In the last ten years, since 2005, urban and community forestry has grown from an infant profession that often needed to justify its place at the table to a young adult that is often, but still not always, invited to the community planning table—though many thought leaders noted that UCF should have a seat at the head of the table. Urban population centers are growing, with 83% of Americans now living in cities. Urban forests in the United States are estimated at 138 million acres, and are expected to continue to grow. To put this in perspective, urban forests are approaching the size of our national forests, which encompass 177 million acres. But in some ways, urban forests could be said to exert a far more profound influence on American health and welfare because their circle of influence is both extensive (through impacting four-fifths of our nation’s population) and intensive (through repeated exposure on a daily basis). Thought leaders expressed a range of ideas about the areas of the most significant progress in the UCF field in the past decade, primarily around the following ideas.
Technology, Tools and Resources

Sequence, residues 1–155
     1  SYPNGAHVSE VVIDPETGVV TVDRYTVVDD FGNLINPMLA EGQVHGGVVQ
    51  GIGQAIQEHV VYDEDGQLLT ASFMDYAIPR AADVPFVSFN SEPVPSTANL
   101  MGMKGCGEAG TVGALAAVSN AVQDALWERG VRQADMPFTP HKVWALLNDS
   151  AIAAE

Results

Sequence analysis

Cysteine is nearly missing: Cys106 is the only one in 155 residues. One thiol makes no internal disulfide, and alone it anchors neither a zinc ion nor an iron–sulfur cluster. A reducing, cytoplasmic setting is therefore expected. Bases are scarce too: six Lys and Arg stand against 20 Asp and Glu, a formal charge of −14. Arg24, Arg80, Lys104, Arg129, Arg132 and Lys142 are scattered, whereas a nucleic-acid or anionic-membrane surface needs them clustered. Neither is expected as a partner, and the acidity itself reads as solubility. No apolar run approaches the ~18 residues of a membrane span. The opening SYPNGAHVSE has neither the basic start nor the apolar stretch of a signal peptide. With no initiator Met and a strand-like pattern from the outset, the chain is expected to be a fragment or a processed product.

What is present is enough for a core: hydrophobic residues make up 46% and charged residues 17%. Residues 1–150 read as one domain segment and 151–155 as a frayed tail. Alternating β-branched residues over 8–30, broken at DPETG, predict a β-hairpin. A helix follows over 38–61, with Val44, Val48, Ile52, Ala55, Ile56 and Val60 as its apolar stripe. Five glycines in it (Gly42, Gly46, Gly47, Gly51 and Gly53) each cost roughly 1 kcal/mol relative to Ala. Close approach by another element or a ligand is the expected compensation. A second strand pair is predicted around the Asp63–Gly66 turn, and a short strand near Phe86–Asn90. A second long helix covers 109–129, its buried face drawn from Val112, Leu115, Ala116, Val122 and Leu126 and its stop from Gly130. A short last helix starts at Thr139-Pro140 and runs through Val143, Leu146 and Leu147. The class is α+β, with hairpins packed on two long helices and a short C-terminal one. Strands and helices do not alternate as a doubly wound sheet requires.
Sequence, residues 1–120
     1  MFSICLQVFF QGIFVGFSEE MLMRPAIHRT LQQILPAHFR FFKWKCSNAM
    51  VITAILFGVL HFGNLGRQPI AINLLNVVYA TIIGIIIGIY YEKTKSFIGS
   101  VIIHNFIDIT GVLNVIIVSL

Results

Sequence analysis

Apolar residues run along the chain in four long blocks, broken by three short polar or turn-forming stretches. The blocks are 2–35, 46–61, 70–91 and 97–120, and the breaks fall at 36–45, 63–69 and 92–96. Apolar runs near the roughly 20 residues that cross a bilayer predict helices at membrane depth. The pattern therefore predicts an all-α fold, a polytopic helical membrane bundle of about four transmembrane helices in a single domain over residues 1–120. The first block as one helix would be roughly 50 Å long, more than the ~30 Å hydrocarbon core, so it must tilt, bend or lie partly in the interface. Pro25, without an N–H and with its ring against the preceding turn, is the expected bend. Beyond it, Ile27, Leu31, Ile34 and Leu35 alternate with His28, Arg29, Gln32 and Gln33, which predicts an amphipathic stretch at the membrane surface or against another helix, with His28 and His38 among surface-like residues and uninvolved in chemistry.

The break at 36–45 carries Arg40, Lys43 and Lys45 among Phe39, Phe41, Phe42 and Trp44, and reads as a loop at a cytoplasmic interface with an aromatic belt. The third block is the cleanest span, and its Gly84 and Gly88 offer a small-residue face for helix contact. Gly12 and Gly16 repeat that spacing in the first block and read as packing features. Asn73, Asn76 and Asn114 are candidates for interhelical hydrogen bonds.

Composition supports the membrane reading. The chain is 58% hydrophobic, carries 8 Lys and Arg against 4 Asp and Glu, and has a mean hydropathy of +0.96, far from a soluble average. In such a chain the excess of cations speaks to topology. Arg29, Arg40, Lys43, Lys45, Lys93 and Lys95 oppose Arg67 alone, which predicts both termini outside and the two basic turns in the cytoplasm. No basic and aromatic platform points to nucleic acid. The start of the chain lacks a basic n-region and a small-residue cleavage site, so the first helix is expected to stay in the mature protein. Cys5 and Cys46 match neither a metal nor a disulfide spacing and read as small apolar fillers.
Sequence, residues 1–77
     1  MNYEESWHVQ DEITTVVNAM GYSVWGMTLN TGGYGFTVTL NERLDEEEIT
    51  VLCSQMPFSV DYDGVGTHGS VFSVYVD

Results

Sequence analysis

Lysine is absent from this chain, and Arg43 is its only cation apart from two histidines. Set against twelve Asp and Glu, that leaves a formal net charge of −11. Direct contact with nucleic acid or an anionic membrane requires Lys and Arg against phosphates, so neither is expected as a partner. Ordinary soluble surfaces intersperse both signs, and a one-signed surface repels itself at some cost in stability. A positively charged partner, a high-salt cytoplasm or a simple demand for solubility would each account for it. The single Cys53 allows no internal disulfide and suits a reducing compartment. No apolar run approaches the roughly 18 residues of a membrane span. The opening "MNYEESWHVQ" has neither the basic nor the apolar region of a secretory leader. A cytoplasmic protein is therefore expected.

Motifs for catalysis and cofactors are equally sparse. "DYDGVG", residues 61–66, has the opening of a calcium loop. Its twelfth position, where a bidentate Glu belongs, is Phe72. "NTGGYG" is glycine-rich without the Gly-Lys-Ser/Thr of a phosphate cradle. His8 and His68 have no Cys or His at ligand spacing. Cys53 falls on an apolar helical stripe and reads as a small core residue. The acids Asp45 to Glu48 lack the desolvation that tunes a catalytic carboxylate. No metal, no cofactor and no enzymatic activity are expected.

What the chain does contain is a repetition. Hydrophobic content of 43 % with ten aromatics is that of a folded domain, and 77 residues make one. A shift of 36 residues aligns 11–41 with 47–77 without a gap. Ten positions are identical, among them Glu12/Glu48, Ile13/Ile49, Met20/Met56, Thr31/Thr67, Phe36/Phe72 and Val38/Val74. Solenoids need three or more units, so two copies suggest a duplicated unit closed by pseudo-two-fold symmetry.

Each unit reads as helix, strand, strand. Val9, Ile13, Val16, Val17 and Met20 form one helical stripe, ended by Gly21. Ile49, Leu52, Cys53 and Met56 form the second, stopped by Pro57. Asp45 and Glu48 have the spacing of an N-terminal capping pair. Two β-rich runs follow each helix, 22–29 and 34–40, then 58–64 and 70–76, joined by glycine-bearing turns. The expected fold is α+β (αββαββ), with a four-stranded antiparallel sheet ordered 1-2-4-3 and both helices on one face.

Many thought leaders suggested the NUCFAC grant program has been helpful for strategically supporting innovation and addressing real needs in urban forestry. However, there were mixed feelings about NUCFAC’s cost-share grant program. Some felt that the grant program has greatly improved in the last four to five years by placing an emphasis on strategic priorities. However, others noted that the grant process is cumbersome and doesn’t sufficiently help build the capacity of fledgling initiatives or urban forestry maintenance programs. Others noted and applauded the recent effort by NUCFAC to support grants for communities that haven’t been previously reached. However at least one thought leader felt that NUCFAC has lost the ability to fund new and innovative ideas and is now only funding green infrastructure. Outside of NUCFAC, another change in the last ten years is that private foundations have increased their funding for urban forestry. Virtually all interviewees noted that funding is not keeping pace with the either the physical growth of our urban forests or the rising importance of urban forests as a core tool for improving urban health. One example given by several interviewees is that, without funding for maintenance, urban forests may limp along and fail to provide needed community benefits in air quality, water management, or human health. Thought leaders noted the need to look to new funding sources for UCF, to look to public/ private partnerships for new opportunities, as well as making connections around the benefits and needs of UCF with non-traditional sources of UF funding.